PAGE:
Mark Cuban: How I Became a Billionaire

Ratings: 6.51/10 from 63 users.


Mark Cuban: How I Became a Billionaire

Entrepreneur Mark Cuban never calls timeout. He says, in football you play 60 minutes, in basketball 48 minutes, but in business it's 24/7/365 and the whole world is trying to kick your ass. Keeping in mind that motto he parlayed his passion for Indiana basketball into a company worth 5.7 billion dollars. Over the last twenty years he's always been about what's new, what's next and how he's going to get there first. The unorthodox entrepreneur has disrupted every business he touched.

He's been slammed and investigated, but almost always comes out on top. He's one of the smartest people but you could also make the argument he was one of the luckiest people in the early age of the Internet. Mark Cuban got in at the beginning of the Internet boom and it served him well. His goldmine was called, one of the first Internet sites to stream events live. Everything from Victoria Secret models to countless sporting events.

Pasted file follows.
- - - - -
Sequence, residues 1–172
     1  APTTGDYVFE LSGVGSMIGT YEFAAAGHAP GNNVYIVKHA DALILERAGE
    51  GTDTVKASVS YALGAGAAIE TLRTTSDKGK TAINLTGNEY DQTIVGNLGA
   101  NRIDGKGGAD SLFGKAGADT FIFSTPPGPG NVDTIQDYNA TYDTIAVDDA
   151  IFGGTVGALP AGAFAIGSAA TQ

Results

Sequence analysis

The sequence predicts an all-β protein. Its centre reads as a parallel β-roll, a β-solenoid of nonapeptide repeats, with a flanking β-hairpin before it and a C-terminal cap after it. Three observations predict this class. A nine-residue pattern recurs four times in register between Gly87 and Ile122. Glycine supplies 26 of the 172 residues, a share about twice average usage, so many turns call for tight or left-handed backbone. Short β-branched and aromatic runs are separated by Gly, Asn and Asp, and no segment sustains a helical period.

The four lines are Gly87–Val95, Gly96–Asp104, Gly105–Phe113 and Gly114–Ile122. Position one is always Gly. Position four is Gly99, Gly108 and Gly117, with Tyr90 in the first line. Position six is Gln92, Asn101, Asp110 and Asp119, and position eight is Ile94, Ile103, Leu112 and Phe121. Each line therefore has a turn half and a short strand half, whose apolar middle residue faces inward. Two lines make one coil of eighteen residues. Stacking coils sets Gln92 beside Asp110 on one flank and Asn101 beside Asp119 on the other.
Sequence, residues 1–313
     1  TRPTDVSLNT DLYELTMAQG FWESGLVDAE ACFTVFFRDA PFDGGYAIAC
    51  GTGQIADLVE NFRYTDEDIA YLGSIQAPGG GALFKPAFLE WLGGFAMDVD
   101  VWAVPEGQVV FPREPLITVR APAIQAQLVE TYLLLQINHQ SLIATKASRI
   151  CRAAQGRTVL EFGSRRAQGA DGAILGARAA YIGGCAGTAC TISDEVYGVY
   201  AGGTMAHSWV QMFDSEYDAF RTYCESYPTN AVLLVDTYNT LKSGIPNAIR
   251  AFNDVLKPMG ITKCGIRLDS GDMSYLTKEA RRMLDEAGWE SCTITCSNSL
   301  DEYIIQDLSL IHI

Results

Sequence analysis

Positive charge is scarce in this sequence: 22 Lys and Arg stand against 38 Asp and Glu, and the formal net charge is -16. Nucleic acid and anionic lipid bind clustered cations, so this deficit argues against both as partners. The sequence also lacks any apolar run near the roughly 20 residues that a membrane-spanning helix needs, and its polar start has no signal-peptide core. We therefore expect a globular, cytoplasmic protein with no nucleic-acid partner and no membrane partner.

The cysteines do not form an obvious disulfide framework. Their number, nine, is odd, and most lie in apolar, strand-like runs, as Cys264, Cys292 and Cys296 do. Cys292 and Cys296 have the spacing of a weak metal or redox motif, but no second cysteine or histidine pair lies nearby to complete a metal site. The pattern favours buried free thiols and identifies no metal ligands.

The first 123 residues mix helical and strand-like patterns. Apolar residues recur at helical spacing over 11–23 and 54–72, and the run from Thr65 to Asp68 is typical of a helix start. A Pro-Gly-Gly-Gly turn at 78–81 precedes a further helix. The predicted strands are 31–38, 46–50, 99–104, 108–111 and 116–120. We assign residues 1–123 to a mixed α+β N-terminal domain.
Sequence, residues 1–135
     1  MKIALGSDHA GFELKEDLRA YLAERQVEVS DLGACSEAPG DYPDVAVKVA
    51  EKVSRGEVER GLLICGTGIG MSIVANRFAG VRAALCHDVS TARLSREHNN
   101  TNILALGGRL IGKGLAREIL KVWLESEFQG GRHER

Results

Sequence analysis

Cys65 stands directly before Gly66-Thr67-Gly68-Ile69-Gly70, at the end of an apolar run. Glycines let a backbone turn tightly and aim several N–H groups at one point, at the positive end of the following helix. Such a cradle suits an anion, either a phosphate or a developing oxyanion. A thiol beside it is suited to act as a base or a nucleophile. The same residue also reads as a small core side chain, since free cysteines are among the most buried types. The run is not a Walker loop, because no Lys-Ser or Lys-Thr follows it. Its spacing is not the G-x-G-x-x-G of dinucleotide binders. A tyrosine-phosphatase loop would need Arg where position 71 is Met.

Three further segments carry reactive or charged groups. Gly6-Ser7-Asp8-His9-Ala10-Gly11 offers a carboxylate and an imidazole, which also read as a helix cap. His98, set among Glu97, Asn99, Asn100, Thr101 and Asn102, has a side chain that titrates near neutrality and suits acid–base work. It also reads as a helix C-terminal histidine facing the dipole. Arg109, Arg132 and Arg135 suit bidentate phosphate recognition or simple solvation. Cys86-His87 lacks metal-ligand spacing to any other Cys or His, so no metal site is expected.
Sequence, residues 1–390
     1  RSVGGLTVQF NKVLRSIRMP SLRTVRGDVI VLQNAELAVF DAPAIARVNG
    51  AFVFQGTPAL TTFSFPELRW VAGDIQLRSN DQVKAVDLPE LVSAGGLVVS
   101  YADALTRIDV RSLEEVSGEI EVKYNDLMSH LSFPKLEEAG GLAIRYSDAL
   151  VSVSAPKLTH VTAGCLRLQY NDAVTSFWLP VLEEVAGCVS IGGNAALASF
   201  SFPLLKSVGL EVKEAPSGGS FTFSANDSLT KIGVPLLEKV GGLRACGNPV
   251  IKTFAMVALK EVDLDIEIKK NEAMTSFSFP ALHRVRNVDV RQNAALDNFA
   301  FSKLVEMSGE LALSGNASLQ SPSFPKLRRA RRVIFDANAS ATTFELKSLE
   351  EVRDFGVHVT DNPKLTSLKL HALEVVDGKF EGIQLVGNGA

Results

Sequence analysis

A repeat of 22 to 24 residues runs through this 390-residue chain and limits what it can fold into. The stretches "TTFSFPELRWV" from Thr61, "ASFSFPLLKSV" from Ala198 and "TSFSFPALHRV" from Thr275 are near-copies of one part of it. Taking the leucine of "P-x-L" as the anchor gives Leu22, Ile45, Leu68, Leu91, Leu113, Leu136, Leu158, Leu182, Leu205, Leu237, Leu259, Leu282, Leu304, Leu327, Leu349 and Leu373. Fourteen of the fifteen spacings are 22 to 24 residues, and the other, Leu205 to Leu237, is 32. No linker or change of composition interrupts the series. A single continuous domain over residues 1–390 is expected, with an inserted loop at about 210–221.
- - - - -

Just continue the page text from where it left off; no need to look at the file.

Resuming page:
The fiercely independent entrepreneur has blazed the trail into TV, movies, NBA ownership, and he even stars on a TV show, though he declined to participate in this documentary. Mark was an entrepreneur from the moment the word was invented. He was born in Pittsburgh, Pennsylvania, and grew up in a suburb called Mount Lebanon. From the get-go Cuban was a moneymaker, selling trash bags, newspapers, and even postage stamps.

By the time he was sixteen he had already built a reputation and his skills only grew at the Indiana University. He decided to run a bar after he borrowed money from a friend. Within months he opened his bar Motley's and run the business until it came crushing down after a wet t-shirt contest. Cuban graduated and soon landed in Dallas. Within a year, the born entrepreneur launched MicroSolutions, providing software, hardware and training to businesses at the dawn of the PC revolution. He learned the computer business fast and in seven years sold his company to Copyserve for 6 million dollars. In 1995 he came out of early retirement to reinvent the radio.